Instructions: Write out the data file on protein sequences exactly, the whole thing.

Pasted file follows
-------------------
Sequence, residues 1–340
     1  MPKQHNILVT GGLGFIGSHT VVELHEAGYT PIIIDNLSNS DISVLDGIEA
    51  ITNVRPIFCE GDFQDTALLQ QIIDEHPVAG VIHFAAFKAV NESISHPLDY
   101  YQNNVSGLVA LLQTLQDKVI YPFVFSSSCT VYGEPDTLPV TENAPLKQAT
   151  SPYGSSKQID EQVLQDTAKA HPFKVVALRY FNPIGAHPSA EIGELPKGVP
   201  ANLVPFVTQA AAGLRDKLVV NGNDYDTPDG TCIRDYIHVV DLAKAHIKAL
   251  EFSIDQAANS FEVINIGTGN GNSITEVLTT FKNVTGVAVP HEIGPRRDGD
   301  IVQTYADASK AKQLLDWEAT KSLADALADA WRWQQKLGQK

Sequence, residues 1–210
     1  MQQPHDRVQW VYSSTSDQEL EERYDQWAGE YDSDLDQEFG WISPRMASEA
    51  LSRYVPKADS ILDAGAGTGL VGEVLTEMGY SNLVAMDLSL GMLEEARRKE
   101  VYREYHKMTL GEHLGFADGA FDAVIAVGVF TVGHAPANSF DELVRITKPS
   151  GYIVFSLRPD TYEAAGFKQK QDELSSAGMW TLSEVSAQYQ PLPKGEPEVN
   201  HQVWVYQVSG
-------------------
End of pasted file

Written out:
Sequence, residues 1–340
     1  MPKQHNILVT GGLGFIGSHT VVELHEAGYT PIIIDNLSNS DISVLDGIEA
    51  ITNVRPIFCE GDFQDTALLQ QIIDEHPVAG VIHFAAFKAV NESISHPLDY
   101  YQNNVSGLVA LLQTLQDKVI YPFVFSSSCT VYGEPDTLPV TENAPLKQAT
   151  SPYGSSKQID EQVLQDTAKA HPFKVVALRY FNPIGAHPSA EIGELPKGVP
   201  ANLVPFVTQA AAGLRDKLVV NGNDYDTPDG TCIRDYIHVV DLAKAHIKAL
   251  EFSIDQAANS FEVINIGTGN GNSITEVLTT FKNVTGVAVP HEIGPRRDGD
   301  IVQTYADASK AKQLLDWEAT KSLADALADA WRWQQKLGQK

Sequence, residues 1–210
     1  MQQPHDRVQW VYSSTSDQEL EERYDQWAGE YDSDLDQEFG WISPRMASEA
    51  LSRYVPKADS ILDAGAGTGL VGEVLTEMGY SNLVAMDLSL GMLEEARRKE
   101  VYREYHKMTL GEHLGFADGA FDAVIAVGVF TVGHAPANSF DELVRITKPS
   151  GYIVFSLRPD TYEAAGFKQK QDELSSAGMW TLSEVSAQYQ PLPKGEPEVN
   201  HQVWVYQVSG